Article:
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One of the most challenging aspects in creating the commercial was creating the textures of the cans. Because this was to be an American spot, we had to receive American Diet Coke and Diet Pepsi cans with which we could work. The labelling is actually quite different between USA and CANADA and thus required separate artwork altogether. While acquiring the Diet Pepsi Illustrator artwork was no problem, getting a hold of the Diet Coke artwork was impossible. This was particularly aggravating since the Diet Coke can is highly reflective and thus scanning the texture would be extremely difficult. Nevertheless, this was our only option (short of photographing it) so I began the all-to-farmiliar task of cutting up the can in order to be able to flatten it out for scanning.

The cutting (surgery) of the can was fairly simple and I was able to achieve a clean cut with minimal tin creasing using a standard can opener. The top was first cut out, then the base as well with an Exacto knife. The next step was to slice the tapered parts of the can so that they too could be unfolded although this unfortunately led to further distortion of the label. Once the can was successfully flattened out, it was put on the scanner and scanned at high resolution in order to pick up the details of the label. The scanned result, despite the high reflectance of the Diet Coke label, actually turned out quite decent and after a considerable amount of Photoshop work and image reconstruction, a fully flattened texture was produced.

Once the diffuse texture had been created, a separate mask texture had to be created for the reflections. This mask would dictate which parts of the can would be more reflective and the same had to be done for the Diet Pepsi cans. Once again, this was particularly challenging as they had to be derived from the diffuse map and a considerable amount of Photoshop work and image reconstruction was also required for this. However, the reflection mask was an absolute necessity in order to achieve a realistic representation of the real can.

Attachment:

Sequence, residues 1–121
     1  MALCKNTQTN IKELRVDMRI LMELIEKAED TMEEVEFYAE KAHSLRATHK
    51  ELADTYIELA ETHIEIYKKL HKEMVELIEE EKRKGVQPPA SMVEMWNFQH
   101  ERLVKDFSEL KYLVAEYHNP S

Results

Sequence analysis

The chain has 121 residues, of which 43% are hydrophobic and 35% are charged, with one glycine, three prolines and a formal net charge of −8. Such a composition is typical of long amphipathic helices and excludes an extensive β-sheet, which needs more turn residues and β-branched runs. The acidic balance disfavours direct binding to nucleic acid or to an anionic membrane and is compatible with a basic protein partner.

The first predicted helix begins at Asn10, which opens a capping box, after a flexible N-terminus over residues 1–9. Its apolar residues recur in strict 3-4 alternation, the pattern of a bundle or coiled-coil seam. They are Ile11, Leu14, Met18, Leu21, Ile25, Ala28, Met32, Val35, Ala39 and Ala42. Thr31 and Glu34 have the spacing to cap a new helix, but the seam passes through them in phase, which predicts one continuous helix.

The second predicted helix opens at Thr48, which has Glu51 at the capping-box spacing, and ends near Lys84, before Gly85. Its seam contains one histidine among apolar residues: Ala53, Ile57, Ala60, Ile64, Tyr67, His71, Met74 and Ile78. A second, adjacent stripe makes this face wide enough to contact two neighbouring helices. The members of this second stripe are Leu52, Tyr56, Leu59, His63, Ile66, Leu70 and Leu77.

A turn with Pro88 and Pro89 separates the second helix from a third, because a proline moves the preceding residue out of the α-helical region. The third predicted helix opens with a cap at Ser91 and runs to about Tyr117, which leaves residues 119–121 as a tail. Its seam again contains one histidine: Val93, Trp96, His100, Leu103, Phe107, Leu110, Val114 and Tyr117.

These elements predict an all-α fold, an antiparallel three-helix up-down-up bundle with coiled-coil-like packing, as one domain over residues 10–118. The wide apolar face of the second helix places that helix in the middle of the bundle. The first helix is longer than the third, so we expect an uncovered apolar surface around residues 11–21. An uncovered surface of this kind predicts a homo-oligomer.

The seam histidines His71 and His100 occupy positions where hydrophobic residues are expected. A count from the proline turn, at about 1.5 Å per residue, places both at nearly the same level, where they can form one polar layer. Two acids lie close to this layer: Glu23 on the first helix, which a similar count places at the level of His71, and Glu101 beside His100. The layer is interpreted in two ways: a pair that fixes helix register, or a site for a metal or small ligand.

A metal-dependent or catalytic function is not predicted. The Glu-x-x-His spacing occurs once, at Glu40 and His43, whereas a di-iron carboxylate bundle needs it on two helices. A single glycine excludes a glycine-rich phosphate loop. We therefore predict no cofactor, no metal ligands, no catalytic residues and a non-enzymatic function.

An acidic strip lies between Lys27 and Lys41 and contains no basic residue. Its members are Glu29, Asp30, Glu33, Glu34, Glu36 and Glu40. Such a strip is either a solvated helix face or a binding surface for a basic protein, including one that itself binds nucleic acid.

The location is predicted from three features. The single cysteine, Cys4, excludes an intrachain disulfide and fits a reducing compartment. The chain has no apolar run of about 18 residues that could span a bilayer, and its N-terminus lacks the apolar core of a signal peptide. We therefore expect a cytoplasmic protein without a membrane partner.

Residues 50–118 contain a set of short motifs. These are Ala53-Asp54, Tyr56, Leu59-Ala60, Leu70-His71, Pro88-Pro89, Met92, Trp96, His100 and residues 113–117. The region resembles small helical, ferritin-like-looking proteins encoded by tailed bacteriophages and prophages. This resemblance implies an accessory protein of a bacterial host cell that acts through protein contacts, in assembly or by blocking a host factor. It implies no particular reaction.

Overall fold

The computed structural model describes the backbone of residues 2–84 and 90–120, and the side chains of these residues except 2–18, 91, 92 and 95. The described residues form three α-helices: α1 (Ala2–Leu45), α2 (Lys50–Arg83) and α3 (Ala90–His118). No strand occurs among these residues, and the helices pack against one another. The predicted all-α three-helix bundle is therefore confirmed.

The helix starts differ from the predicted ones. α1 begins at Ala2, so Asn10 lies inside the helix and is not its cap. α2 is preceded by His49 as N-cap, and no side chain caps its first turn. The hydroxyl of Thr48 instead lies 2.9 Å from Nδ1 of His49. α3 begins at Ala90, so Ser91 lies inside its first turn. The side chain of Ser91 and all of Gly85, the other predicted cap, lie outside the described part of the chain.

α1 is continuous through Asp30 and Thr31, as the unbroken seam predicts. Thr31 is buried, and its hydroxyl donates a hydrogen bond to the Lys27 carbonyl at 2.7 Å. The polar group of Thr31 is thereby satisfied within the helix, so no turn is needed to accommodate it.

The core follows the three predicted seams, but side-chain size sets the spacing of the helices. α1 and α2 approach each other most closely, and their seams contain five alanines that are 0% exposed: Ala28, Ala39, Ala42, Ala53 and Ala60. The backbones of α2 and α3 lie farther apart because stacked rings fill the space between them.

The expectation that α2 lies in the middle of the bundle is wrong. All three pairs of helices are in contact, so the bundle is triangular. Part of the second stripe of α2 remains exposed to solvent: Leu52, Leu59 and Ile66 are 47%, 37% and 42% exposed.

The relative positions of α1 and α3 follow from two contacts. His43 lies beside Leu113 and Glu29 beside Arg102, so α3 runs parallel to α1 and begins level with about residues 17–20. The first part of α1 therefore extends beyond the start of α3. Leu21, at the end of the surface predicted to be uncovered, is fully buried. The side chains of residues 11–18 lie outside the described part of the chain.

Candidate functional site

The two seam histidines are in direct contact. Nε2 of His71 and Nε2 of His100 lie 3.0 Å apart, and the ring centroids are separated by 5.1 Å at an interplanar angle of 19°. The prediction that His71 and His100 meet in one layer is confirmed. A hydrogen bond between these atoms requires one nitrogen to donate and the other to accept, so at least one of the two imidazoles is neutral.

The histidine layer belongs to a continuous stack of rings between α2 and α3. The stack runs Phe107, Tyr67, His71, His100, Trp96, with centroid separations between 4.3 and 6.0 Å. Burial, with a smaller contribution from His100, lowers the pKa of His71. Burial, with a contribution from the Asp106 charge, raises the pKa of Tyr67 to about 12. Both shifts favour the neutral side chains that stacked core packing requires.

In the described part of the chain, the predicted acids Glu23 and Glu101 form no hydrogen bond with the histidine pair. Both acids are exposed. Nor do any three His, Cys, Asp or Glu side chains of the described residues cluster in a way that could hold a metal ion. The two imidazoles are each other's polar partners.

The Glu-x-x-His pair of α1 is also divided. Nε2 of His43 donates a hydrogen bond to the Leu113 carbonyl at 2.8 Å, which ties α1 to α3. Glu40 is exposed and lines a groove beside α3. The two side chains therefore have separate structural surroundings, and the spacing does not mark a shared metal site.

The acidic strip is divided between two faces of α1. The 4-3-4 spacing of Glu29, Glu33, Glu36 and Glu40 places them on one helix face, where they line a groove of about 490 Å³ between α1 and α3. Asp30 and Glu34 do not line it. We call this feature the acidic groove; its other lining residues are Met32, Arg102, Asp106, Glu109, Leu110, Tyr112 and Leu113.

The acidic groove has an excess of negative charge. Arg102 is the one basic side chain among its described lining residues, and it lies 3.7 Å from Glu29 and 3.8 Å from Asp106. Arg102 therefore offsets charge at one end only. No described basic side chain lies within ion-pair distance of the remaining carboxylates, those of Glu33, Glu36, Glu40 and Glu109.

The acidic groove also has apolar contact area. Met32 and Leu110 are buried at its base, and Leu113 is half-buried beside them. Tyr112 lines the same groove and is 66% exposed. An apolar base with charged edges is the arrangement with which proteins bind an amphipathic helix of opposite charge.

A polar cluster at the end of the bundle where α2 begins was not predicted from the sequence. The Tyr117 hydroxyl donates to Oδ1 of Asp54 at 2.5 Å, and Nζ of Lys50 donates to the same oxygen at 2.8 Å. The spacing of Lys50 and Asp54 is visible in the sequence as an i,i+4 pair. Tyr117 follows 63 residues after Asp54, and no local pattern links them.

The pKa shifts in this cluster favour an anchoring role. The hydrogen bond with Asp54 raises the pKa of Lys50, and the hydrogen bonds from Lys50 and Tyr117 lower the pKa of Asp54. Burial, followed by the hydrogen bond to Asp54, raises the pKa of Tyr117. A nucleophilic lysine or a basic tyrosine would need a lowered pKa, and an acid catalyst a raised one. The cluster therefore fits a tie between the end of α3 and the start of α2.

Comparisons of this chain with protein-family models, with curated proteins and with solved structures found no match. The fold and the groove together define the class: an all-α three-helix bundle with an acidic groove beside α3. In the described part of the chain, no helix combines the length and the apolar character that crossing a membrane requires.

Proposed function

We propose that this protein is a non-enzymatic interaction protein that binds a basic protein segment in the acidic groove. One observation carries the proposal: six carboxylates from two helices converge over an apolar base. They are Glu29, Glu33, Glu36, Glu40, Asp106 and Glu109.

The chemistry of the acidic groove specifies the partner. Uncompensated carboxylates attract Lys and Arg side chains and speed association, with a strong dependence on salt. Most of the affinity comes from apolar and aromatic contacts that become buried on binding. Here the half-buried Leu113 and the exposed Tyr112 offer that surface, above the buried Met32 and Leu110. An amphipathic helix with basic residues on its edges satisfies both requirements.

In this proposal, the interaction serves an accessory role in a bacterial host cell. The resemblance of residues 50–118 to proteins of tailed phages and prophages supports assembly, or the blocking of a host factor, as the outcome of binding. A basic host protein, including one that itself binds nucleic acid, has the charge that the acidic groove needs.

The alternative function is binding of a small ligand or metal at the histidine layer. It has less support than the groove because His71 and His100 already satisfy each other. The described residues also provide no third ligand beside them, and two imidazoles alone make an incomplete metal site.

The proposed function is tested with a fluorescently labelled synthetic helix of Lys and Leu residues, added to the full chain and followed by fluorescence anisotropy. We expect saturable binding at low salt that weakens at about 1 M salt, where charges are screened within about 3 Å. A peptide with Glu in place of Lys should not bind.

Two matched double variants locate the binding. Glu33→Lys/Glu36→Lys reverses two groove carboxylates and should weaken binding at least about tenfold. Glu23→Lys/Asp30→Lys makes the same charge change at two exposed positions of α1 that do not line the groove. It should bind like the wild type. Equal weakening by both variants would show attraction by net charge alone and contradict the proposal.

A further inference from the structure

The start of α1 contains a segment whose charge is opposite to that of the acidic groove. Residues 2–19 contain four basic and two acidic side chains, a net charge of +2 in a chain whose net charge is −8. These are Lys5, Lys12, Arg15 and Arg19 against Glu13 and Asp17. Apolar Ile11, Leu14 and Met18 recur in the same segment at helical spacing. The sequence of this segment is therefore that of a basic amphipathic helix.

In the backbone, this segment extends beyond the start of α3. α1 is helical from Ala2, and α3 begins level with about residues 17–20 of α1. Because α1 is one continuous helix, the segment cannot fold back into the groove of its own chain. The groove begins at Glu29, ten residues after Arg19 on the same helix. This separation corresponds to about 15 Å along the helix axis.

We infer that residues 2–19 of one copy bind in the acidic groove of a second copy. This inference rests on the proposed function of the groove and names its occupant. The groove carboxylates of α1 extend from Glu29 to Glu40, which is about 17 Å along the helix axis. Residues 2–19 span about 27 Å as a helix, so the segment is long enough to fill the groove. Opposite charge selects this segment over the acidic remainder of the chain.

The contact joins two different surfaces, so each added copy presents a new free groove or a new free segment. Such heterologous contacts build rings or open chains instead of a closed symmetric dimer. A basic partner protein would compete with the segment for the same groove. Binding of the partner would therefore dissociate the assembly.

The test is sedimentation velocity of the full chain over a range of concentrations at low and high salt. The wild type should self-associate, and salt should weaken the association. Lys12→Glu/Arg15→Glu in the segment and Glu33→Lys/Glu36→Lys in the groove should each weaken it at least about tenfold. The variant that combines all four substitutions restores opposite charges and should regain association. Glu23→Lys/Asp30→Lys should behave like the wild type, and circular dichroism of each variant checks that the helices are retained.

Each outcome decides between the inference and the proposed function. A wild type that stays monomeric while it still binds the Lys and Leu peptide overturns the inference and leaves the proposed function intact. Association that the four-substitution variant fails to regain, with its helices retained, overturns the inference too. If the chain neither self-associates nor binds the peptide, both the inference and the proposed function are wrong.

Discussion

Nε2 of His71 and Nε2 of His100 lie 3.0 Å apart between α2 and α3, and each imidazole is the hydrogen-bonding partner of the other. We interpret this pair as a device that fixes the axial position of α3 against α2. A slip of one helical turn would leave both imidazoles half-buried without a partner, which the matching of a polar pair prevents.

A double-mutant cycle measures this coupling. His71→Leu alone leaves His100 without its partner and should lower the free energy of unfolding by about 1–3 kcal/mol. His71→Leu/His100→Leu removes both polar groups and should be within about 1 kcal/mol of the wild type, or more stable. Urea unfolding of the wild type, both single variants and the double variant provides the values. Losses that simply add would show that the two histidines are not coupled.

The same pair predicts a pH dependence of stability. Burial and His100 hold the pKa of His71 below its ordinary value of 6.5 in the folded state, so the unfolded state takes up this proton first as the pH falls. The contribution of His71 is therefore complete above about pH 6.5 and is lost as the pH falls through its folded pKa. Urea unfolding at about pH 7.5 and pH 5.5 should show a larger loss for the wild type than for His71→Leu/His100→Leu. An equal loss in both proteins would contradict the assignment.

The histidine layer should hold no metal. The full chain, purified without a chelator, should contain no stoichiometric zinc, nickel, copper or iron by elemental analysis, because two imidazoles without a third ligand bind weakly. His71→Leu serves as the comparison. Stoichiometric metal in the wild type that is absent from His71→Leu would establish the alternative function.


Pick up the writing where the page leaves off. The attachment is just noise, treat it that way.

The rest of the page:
Below Diffuse and Reflection maps for the corresponding cans.

Once the textures had been fully created, and the can models built, some initial rendertests were performed in order to ensure the textures were working properly. This was done, as I usually do, through the creation of a model rotation animation with generic lighting rigs. The results are below, two different rotations in two different lighting conditions. Both tests were fairly successful in producing a realistic Diet Coke and Diet Pepsi can.

Texturing, lighting, rendering and compositing by Richard Rosenman.

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Texturing, lighting, rendering and compositing by Richard Rosenman. DOWNLOAD

Early in the production, I suggested we attempt a test to create a more realistic bending can, in order to minimize the ‘rubbery’ appearance which had so far been a recurring problem. I decided to try a test in which the can would crease and crumple as it turned, but have the creases disappear every time the can came back to its default modeled position. This was achieved through the use of animated displacement maps which were keyed in unison with the animation. The further (or more extreme) the can would turn, the greater the amount of displacement.

Below is the test I created using this technique, although it was decided afterwards that this effect was too unappealing and we decided to can it, no pun intended.

While there were various other characters, they were all made up and therefore none had to be modeled from pre-existing products. The only issue with these characters were label copyrighting issues which were constantly being checked and modified for fear of copyright infringement.

Diet Pepsi “After hours” was was modeled, textured and animated with 3D Studio MAX 6.0, rendered with VRay 1.45.70 using global illumination techniques in combination with traditional lighting rigs, and composited with Combustion.